The students of DC need, and their parents, and the tax payers deserve, high school graduations that are meaningful and authentic. Meaning that the student can translate their high school diploma into a real representation of that student’s knowledge and skills readiness to be successful in a post-graduation world. We fail students (and fool their parents) when we let them walk across a ‘graduation’ stage, only to fall into a despairing pit of unpreparedness for adult life. Let high school graduations mean something other than a ceremony, or a marketable (albeit false) statistic!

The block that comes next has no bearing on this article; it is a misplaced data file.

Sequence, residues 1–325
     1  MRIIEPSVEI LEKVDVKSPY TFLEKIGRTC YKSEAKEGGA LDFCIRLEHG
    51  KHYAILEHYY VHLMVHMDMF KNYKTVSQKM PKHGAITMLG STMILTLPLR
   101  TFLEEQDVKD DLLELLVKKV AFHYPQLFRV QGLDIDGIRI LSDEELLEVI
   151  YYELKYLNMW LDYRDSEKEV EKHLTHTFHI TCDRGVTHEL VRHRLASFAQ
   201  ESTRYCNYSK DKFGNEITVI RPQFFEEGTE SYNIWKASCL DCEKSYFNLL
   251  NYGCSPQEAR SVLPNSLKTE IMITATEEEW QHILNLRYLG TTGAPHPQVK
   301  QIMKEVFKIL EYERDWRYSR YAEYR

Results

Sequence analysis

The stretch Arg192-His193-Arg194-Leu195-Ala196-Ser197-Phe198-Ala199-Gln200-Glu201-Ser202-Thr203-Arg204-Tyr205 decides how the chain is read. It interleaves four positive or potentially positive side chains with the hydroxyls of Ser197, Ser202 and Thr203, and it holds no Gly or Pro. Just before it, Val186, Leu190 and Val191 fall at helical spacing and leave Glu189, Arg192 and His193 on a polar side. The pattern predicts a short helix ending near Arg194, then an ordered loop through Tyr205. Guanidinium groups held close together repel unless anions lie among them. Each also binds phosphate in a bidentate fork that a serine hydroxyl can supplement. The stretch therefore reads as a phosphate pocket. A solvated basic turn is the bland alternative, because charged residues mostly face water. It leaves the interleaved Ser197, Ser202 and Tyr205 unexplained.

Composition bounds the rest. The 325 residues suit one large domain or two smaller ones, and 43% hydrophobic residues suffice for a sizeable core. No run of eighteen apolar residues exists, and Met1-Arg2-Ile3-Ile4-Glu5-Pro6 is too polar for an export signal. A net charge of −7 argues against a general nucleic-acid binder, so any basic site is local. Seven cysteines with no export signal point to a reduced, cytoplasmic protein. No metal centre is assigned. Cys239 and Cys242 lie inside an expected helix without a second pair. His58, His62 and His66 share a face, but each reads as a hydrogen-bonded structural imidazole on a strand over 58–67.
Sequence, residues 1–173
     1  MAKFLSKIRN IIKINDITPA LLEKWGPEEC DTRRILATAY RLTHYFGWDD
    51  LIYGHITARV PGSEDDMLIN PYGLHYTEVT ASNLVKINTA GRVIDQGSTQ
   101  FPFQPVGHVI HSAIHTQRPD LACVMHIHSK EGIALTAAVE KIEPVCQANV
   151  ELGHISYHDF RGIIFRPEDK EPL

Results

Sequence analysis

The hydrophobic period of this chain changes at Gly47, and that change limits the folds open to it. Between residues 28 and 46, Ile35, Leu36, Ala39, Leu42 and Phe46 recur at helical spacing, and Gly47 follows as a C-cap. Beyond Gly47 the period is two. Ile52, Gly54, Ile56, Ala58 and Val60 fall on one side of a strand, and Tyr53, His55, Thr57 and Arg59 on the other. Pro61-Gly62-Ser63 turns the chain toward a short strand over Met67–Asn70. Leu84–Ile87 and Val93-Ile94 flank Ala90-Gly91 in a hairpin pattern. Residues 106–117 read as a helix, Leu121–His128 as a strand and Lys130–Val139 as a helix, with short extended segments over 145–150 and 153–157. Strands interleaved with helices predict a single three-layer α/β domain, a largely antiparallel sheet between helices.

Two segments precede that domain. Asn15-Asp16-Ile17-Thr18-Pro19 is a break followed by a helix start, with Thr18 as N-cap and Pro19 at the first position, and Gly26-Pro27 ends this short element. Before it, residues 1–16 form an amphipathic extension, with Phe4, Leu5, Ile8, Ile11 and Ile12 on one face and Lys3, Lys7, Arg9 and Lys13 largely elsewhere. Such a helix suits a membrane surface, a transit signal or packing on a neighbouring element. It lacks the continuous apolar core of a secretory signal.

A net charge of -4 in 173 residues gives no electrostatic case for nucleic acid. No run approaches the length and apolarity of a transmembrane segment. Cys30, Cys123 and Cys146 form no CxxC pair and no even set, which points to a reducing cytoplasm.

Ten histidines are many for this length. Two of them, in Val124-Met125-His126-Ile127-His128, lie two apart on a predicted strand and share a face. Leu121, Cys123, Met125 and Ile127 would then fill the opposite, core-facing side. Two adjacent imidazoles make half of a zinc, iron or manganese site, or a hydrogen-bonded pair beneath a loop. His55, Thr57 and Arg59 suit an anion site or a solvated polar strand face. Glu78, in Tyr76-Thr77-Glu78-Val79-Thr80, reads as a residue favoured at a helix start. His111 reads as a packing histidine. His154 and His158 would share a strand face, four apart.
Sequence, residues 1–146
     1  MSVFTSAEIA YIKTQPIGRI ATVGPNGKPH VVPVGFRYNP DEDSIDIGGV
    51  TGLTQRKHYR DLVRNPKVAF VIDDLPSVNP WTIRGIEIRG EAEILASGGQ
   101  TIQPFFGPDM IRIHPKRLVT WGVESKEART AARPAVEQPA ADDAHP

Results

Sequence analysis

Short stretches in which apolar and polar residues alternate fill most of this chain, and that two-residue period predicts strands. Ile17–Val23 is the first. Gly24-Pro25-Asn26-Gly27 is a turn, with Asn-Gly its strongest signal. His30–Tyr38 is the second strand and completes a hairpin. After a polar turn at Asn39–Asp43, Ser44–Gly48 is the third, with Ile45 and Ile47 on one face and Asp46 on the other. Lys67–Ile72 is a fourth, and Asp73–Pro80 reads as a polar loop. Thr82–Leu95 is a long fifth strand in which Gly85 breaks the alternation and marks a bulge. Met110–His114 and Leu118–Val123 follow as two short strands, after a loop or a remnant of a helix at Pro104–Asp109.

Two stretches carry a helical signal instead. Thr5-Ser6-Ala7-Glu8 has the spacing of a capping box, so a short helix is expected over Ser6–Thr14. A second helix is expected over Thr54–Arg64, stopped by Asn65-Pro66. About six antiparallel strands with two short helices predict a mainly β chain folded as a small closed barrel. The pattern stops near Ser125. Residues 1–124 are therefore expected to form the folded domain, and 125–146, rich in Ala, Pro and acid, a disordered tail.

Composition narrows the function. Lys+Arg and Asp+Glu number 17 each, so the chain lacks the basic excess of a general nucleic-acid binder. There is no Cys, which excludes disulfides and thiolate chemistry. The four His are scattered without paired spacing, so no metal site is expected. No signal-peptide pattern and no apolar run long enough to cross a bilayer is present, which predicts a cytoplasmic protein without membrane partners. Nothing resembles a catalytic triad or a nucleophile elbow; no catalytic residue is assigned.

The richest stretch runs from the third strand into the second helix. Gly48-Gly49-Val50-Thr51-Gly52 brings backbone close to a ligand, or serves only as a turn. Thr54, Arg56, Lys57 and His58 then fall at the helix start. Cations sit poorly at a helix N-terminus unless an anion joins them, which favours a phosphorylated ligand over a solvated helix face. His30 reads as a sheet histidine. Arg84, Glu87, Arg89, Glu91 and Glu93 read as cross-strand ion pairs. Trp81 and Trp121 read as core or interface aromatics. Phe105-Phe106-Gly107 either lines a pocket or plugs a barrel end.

Michael A. Johnson has served as a public school teacher, Science Skills Center director, principal, and a school district superintendent. He also served as an adjunct professor of Science Education in the School of Education at St. John’s University. He recently completed a book on school leadership: Report to the Principal’s Office: Tools for Building Successful High School Administrative Leadership… http://reporttotheprincipalsoffice.net/